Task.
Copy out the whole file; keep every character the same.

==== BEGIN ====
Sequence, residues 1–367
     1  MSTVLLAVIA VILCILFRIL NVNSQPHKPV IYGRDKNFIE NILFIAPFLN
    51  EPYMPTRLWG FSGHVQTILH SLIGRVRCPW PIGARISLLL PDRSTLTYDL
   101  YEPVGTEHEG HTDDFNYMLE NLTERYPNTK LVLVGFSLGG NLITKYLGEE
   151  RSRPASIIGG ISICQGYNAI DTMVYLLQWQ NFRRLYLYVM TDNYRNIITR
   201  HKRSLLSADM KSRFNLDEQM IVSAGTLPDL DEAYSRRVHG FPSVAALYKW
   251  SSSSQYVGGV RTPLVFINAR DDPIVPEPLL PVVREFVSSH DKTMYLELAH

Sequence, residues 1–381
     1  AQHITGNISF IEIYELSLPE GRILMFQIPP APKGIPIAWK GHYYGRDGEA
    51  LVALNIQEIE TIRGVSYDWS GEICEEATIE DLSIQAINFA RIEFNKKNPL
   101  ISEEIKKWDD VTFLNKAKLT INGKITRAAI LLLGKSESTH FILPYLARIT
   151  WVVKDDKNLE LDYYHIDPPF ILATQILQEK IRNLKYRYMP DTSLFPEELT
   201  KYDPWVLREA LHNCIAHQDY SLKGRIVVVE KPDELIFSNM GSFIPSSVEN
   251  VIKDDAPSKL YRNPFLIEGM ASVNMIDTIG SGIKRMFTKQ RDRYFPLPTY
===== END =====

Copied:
Sequence, residues 1–367
     1  MSTVLLAVIA VILCILFRIL NVNSQPHKPV IYGRDKNFIE NILFIAPFLN
    51  EPYMPTRLWG FSGHVQTILH SLIGRVRCPW PIGARISLLL PDRSTLTYDL
   101  YEPVGTEHEG HTDDFNYMLE NLTERYPNTK LVLVGFSLGG NLITKYLGEE
   151  RSRPASIIGG ISICQGYNAI DTMVYLLQWQ NFRRLYLYVM TDNYRNIITR
   201  HKRSLLSADM KSRFNLDEQM IVSAGTLPDL DEAYSRRVHG FPSVAALYKW
   251  SSSSQYVGGV RTPLVFINAR DDPIVPEPLL PVVREFVSSH DKTMYLELAH

Sequence, residues 1–381
     1  AQHITGNISF IEIYELSLPE GRILMFQIPP APKGIPIAWK GHYYGRDGEA
    51  LVALNIQEIE TIRGVSYDWS GEICEEATIE DLSIQAINFA RIEFNKKNPL
   101  ISEEIKKWDD VTFLNKAKLT INGKITRAAI LLLGKSESTH FILPYLARIT
   151  WVVKDDKNLE LDYYHIDPPF ILATQILQEK IRNLKYRYMP DTSLFPEELT
   201  KYDPWVLREA LHNCIAHQDY SLKGRIVVVE KPDELIFSNM GSFIPSSVEN
   251  VIKDDAPSKL YRNPFLIEGM ASVNMIDTIG SGIKRMFTKQ RDRYFPLPTY